Confrontations erupted between rival armed groups near Mali's desert border with Algeria on Thursday, allegedly killing at least 15, whilst breaking the newly signed UN-backed peace pact.
Militias had signed a long-awaited peace deal in June after months of negotiations, however mediators are still struggling to make them abide by its articles.
Led by Tuareg warlords from opposing clans, the two parties had confrontations in August, near the town of Anefis, leaving 20 dead.
Attaye Ag Mohamed, a representative of the separatist Coordination of Azawad Movements said that "fighting resumed this morning in Inafarak where pro-government militias arrived recently to prepare an offensive against the CMA," adding that 15 fighters died, including 13 from pro-government militias.
“Around 70 pickups from the Platform pro-government alliance remained in the area and there was a risk of new violence on Friday.”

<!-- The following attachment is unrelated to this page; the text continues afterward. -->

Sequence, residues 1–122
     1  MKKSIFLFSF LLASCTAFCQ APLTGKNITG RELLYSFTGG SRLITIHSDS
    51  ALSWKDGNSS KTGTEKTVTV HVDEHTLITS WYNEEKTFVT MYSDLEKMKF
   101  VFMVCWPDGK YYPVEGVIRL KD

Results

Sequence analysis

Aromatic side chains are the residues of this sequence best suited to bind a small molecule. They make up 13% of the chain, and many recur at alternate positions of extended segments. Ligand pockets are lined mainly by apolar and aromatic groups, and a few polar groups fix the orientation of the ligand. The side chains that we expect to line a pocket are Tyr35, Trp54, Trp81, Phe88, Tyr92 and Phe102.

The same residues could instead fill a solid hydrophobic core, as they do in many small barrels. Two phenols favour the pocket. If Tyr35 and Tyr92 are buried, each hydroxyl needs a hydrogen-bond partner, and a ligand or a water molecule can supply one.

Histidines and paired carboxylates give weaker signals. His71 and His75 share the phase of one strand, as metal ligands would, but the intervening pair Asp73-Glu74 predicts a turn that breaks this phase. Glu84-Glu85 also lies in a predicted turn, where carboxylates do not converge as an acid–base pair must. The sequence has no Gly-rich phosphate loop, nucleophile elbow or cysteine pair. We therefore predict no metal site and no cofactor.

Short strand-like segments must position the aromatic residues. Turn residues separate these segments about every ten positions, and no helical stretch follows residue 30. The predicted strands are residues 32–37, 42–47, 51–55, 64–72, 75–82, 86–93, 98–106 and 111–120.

"We received reports that an exchange of fire took place there but ceased shortly after," said Radhia Achouri, spokeswoman for the UN mission to Mali.
The Algerian media reported that large arms seized in Inafarak including artillery, ammunition and grenades on Wednesday.
Security forces cited that the clash come over the competition to control trafficking routes through the desert to Algeria and Niger, they used cocaine and arms dealers as well as traditional trades.
Mali's Tuaregs have been seeking autonomy since Mali's independence from France in 1960 and have risen up for four times over the northern region they call Azawad.
An offensive led by French troops had to force them to retreat when regional militants clenched the north alongside Tuaregs in 2012.